The framework code.
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Flight Software Framework (FSFW)

The Flight Software Framework is a C++ Object Oriented Framework for unmanned, automated systems like Satellites.

The initial version of the Flight Software Framework was developed during the Flying Laptop Project by the University of Stuttgart in cooperation with Airbus Defence and Space GmbH.

Intended Use

The framework is designed for systems, which communicate with external devices, perform control loops, receive telecommands and send telemetry, and need to maintain a high level of availability. Therefore, a mode and health system provides control over the states of the software and the controlled devices. In addition, a simple mechanism of event based fault detection, isolation and recovery is implemented as well.

The recommended hardware is a microprocessor with more than 1 MB of RAM and 1 MB of non-volatile Memory. For reference, current Applications use a Cobham Gaisler UT699 (LEON3FT), a ISISPACE IOBC or a Zynq-7020 SoC. The fsfw was also tested on the STM32H743ZI-Nucleo board.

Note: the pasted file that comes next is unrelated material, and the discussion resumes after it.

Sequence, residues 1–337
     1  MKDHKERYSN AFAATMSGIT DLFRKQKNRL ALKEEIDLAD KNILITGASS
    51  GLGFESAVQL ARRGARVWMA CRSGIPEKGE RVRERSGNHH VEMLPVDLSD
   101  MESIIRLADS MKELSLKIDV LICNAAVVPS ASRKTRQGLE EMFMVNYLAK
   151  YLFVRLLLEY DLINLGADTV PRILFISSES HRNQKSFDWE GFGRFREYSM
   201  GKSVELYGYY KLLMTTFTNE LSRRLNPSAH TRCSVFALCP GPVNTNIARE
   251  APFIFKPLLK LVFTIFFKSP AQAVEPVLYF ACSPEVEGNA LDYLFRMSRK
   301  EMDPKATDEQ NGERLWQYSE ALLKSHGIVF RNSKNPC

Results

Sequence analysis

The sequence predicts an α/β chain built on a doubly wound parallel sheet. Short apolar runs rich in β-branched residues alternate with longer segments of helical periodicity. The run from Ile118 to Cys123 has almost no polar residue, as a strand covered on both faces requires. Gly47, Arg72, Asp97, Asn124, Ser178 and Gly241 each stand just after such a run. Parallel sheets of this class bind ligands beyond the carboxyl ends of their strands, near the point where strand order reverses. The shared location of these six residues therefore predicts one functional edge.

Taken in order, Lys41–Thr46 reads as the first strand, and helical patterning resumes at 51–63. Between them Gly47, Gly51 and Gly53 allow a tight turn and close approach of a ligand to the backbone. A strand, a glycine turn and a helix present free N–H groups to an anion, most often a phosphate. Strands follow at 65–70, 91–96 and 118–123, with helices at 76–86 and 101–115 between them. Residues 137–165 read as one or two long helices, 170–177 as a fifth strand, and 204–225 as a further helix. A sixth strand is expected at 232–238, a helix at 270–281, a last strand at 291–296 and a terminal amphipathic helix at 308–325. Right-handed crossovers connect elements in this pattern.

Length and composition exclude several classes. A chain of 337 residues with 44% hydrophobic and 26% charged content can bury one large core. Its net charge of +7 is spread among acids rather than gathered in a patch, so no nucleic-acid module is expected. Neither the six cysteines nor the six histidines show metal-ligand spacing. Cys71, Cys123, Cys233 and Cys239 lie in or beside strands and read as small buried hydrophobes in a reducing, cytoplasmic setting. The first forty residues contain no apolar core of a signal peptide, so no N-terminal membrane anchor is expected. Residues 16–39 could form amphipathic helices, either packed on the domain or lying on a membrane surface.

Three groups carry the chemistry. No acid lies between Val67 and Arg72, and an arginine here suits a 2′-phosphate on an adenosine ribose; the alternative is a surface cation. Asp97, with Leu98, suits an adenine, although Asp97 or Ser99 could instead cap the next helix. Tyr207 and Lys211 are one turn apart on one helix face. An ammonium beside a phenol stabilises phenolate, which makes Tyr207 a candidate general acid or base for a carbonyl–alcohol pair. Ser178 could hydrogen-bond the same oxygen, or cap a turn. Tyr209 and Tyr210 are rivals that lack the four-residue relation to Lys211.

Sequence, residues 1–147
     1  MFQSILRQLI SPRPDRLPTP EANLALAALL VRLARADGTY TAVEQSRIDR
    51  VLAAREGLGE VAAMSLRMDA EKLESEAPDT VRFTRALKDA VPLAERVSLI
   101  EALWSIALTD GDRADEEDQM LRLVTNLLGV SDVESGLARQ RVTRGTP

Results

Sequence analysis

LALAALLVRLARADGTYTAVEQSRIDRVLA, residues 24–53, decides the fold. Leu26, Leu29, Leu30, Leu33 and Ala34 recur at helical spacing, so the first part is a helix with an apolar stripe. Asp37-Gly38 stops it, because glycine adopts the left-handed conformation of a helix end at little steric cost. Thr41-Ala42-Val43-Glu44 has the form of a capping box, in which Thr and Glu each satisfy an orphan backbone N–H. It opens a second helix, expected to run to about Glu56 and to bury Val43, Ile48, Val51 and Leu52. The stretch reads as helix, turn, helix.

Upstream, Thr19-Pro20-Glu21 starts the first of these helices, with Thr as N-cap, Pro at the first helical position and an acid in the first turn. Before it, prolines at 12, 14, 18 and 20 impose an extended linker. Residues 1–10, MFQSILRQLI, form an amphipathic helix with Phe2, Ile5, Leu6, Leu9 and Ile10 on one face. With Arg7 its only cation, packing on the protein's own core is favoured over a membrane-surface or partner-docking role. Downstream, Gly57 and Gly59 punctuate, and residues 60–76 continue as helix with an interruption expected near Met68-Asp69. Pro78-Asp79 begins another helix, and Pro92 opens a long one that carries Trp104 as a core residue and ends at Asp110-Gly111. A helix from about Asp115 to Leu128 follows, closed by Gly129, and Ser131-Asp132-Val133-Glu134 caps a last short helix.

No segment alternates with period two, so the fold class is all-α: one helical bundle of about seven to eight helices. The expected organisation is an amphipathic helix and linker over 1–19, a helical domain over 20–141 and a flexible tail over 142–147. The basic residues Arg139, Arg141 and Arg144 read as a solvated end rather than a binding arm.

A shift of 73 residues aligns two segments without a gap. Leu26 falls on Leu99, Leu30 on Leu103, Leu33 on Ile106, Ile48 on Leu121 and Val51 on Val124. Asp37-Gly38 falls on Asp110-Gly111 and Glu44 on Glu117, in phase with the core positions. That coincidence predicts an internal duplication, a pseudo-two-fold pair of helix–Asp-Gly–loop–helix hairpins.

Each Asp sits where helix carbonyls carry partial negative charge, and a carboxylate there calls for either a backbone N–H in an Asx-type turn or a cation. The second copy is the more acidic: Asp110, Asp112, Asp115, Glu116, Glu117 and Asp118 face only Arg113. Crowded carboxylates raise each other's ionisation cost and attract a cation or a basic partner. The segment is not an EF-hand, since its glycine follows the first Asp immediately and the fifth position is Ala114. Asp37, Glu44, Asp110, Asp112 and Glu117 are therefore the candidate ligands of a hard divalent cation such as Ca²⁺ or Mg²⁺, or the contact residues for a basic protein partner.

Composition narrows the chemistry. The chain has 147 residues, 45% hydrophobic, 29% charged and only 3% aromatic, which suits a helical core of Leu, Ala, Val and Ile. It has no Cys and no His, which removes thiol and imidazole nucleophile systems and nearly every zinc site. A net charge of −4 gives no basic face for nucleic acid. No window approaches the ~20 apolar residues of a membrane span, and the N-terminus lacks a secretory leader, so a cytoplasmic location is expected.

How to Use

The FSFW example provides a good starting point and a demo to see the FSFW capabilities and build it with the Make or the CMake build system. Generally, the FSFW is included in a project by compiling the FSFW sources and providing a configuration folder and adding it to the include path. A template configuration folder was provided and can be copied into the project root to have a starting point. The configuration section provides more specific information about the possible options.


The general structure is driven by the usage of interfaces provided by objects. The FSFW uses C++11 as baseline. The intention behind this is that this C++ Standard should be widely available, even with older compilers. The FSFW uses dynamic allocation during the initialization but provides static containers during runtime. This simplifies the instantiation of objects and allows the usage of some standard containers. Dynamic Allocation after initialization is discouraged and different solutions are provided in the FSFW to achieve that. The fsfw uses run-time type information but exceptions are not allowed.

Failure Handling

Functions should return a defined ReturnValue_t to signal to the caller that something has gone wrong. Returnvalues must be unique. For this the function HasReturnvaluesIF::makeReturnCode or the Macro MAKE_RETURN can be used. The CLASS_ID is a unique id for that type of object. See returnvalues/FwClassIds.